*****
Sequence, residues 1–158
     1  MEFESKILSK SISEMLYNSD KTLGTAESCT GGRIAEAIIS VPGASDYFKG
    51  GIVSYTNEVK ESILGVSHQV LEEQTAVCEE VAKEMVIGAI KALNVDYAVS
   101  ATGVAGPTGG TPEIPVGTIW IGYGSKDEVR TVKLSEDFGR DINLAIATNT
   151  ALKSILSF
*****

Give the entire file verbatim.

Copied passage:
Sequence, residues 1–158
     1  MEFESKILSK SISEMLYNSD KTLGTAESCT GGRIAEAIIS VPGASDYFKG
    51  GIVSYTNEVK ESILGVSHQV LEEQTAVCEE VAKEMVIGAI KALNVDYAVS
   101  ATGVAGPTGG TPEIPVGTIW IGYGSKDEVR TVKLSEDFGR DINLAIATNT
   151  ALKSILSF